Russian Prime Minister and presidential candidate Vladimir Putin will meet President Clinton in Olso Tuesday against a backdrop of heavy-handed Russian military action and mounting civilian casualties in Chechnya.

With Russian President Boris Yeltsin's term coming to an unpopular end, the Clinton administration is straining to distance itself from Russia's invasion of the rebellious Chechen republic without alienating the Russian public or politicians who will remain after Yeltsin is gone from the scene.

The five-week-old Russian war in Chechnya--which has claimed thousands of lives and created nearly 200,000 refugees--complicates an already awkward moment in U.S.-Russia relations and will top the meeting's troublesome agenda.

The Clinton administration also is pressing a reluctant Moscow to agree to changes in the Anti-Ballistic Missile Treaty before June, when Clinton will decide whether to deploy a national missile defense system still in the research stage. In addition, Congress, citing recent banking scandal allegations, is pressing the administration to take a tougher stand on Russia's economic reforms. Moreover, Russia is still angry over the NATO air war in Kosovo and U.S. plans for NATO expansion.

"Relations aren't good, and they're not getting any better," said Thomas Graham, a senior fellow in Russian studies at the Carnegie Endowment for International Peace. "Chechnya, coming on the heels of the banking scandals, is doing a lot of damage to Russia's reputation in the United States and is making it difficult for the Clinton administration to get the support it needs for aid to Russia. And it is hardening positions here on U.S.-Russia relations."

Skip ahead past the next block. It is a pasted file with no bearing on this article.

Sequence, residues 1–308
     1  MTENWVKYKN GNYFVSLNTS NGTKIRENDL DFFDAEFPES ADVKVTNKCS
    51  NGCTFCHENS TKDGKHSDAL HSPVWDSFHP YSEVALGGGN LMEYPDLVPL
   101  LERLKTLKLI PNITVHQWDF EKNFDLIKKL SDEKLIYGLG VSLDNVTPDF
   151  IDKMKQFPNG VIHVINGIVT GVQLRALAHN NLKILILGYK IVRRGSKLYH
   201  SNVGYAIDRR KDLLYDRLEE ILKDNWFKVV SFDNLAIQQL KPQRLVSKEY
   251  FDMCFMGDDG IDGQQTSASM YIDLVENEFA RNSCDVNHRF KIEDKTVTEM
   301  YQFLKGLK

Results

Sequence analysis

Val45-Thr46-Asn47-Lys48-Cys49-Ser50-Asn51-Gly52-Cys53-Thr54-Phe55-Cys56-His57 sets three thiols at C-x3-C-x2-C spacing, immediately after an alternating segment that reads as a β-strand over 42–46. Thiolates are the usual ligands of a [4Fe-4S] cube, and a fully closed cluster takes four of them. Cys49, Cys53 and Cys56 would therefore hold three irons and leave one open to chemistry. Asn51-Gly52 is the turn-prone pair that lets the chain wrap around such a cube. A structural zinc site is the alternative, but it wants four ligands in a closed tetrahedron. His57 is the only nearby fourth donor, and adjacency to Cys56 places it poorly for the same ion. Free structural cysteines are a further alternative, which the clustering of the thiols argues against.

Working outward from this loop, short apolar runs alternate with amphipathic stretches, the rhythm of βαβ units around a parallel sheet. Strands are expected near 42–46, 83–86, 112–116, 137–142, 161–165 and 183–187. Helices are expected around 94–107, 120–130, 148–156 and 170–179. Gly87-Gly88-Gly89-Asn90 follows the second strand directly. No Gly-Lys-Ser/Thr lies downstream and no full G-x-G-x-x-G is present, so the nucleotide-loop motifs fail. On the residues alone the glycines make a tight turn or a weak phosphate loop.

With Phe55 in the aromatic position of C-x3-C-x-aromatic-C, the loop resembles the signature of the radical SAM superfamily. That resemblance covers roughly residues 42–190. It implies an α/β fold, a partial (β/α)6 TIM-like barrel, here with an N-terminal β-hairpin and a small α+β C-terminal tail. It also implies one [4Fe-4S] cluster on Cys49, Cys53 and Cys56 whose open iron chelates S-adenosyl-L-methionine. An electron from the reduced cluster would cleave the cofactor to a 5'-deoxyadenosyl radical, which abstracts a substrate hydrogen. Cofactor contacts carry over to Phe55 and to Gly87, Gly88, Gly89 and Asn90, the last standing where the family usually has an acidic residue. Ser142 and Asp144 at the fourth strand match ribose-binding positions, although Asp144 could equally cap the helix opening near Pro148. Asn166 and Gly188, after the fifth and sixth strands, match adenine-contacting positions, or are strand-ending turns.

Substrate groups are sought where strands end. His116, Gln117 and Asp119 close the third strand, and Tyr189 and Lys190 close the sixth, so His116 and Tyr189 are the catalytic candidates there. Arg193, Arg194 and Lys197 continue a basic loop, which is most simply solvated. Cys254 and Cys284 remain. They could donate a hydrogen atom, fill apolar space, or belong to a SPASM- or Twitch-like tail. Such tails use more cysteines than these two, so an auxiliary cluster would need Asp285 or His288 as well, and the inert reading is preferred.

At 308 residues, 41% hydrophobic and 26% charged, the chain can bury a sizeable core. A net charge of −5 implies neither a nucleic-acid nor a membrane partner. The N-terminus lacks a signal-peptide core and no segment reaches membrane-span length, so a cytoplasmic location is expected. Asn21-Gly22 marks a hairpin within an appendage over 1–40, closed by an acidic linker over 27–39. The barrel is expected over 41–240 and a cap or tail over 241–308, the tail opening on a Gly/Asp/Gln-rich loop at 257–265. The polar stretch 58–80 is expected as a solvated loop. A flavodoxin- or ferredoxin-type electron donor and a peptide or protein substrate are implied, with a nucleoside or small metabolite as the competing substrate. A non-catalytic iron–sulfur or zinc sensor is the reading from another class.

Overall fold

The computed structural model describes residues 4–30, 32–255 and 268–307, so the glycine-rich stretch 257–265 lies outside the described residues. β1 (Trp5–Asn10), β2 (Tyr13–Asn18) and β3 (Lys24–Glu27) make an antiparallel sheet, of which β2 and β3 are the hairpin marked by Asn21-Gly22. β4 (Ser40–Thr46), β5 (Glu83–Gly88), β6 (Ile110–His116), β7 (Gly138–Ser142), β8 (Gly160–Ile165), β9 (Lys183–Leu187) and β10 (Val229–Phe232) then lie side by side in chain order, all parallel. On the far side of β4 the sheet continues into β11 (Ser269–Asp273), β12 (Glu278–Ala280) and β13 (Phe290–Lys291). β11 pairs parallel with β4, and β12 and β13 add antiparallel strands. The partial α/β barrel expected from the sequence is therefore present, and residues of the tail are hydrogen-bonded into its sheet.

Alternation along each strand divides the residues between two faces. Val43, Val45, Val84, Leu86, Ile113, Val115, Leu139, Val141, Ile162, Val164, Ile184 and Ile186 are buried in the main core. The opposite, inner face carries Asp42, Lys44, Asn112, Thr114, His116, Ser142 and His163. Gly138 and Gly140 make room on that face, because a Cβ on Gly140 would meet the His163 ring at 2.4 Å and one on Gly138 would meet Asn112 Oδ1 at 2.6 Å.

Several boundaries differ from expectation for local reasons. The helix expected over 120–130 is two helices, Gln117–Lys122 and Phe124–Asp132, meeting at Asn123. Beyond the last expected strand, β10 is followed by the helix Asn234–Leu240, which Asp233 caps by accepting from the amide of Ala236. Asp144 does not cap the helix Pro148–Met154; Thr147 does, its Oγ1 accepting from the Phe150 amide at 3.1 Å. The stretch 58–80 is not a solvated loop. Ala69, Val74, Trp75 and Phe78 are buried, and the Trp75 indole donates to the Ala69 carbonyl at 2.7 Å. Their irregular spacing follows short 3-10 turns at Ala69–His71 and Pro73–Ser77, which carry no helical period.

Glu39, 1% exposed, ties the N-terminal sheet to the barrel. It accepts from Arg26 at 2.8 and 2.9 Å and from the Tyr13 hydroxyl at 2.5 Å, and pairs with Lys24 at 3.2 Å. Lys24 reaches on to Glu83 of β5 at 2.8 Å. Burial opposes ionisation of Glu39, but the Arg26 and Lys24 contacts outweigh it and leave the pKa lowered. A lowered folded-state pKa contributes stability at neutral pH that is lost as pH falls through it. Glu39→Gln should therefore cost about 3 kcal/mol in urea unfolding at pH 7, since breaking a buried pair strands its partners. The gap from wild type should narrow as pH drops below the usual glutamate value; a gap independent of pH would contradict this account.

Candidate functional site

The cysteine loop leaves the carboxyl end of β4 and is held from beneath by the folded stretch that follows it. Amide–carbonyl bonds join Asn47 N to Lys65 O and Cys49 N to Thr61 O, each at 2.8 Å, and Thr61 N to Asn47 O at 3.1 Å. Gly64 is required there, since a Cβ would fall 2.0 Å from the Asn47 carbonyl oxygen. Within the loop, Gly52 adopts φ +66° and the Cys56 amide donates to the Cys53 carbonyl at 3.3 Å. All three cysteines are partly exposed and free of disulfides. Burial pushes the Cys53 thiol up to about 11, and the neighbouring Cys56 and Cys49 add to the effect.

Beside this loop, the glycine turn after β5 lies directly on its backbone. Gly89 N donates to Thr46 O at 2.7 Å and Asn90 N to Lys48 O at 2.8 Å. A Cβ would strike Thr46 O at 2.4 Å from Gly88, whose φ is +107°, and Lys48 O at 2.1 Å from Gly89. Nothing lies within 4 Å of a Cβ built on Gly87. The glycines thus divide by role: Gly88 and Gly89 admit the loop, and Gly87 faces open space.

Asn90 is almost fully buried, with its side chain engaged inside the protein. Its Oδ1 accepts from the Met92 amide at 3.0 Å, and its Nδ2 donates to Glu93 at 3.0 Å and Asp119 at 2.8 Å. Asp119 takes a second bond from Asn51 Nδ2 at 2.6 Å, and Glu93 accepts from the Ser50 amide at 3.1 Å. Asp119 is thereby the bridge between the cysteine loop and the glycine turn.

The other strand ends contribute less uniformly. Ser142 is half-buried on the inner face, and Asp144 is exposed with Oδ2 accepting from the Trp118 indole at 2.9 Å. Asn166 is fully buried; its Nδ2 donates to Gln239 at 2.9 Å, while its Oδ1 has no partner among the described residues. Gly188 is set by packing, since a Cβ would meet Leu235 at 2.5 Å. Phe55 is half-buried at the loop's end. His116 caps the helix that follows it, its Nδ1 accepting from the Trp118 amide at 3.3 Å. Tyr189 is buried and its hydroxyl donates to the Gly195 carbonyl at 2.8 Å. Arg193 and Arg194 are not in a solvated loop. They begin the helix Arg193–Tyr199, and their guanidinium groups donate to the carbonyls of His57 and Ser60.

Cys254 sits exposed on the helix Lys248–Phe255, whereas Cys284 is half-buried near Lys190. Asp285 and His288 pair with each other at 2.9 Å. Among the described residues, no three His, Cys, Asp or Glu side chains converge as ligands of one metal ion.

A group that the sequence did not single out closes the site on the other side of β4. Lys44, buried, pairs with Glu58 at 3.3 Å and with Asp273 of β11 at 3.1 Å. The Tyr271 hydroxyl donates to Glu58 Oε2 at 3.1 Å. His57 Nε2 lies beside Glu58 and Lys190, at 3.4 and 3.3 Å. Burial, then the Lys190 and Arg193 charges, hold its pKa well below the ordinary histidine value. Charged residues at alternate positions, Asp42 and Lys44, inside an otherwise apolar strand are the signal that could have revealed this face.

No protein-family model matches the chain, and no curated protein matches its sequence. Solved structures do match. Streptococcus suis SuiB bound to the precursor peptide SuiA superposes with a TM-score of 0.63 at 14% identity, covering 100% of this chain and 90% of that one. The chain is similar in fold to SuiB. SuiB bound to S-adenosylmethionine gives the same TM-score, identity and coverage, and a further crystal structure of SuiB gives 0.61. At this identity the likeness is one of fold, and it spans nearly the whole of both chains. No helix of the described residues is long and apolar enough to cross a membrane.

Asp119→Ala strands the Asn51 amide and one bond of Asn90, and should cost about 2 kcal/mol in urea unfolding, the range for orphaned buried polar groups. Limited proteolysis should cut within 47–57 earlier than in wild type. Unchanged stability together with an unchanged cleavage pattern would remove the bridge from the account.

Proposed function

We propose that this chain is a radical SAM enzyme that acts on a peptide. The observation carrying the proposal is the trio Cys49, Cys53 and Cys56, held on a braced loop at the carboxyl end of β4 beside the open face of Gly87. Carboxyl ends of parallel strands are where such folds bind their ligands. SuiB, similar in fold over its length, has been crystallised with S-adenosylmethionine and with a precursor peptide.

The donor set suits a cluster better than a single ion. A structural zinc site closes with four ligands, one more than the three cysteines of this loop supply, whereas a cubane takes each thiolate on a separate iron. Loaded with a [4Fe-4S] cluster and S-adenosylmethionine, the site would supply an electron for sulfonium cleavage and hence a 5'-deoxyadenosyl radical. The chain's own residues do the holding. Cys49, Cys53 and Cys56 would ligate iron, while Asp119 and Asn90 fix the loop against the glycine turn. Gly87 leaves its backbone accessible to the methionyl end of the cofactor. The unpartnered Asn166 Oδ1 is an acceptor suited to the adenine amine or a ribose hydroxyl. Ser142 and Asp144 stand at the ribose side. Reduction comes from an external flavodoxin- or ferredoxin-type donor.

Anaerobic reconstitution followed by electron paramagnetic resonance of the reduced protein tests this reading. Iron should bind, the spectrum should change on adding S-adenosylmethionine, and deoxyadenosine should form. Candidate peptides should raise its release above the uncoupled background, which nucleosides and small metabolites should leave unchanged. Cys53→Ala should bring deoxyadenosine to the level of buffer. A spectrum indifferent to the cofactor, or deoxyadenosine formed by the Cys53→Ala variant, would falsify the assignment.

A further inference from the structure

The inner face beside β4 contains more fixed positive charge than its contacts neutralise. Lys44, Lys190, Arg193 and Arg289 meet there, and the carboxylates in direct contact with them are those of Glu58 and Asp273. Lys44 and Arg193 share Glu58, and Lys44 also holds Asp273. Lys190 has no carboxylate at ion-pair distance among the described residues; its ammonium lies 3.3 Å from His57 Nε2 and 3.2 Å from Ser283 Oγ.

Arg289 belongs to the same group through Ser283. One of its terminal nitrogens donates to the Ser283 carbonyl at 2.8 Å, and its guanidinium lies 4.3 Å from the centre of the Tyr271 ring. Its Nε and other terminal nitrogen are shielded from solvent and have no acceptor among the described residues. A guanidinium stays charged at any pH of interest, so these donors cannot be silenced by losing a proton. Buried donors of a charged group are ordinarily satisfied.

Though senior U.S. officials have denounced bombardments of civilians, U.S. policymakers are perhaps even more worried about the possibility of Russian military casualties, new acts of terrorism and the impact those might have on Russian domestic politics with parliamentary and presidential elections approaching. One worry: a nationalist backlash prompted by new evidence of Russia's impotence. Another: instability spreading to the neighboring countries of Georgia and Azerbaijan.

"I think that if this situation does not develop in a favorable and acceptable manner, it will jeopardize everything else that we are talking about of a positive nature in Russia today, including Russia's evolution as a civil society," Deputy Secretary of State Strobe Talbott said in recent congressional testimony.

So far, the Clinton administration has adopted a position tougher than the one it took during the 1993-94 Russian conflict in Chechnya. On Tuesday, Clinton is expected to echo other senior administration officials who have affirmed Russia's right to take action in the wake of terrorist bombings of apartment buildings in Moscow and violence Chechens helped foment in the Russian republic of Dagestan. But like those American officials, Clinton is expected to criticize the massive attack on the entire Chechen republic as the wrong way to respond.

"We're just concerned that the escalation of violence is disproportionate and is leading to too many civilian casualties," said a senior administration official. "This is not any way to solve the problem. Russia needs to find a way to open dialogue with Chechen leaders."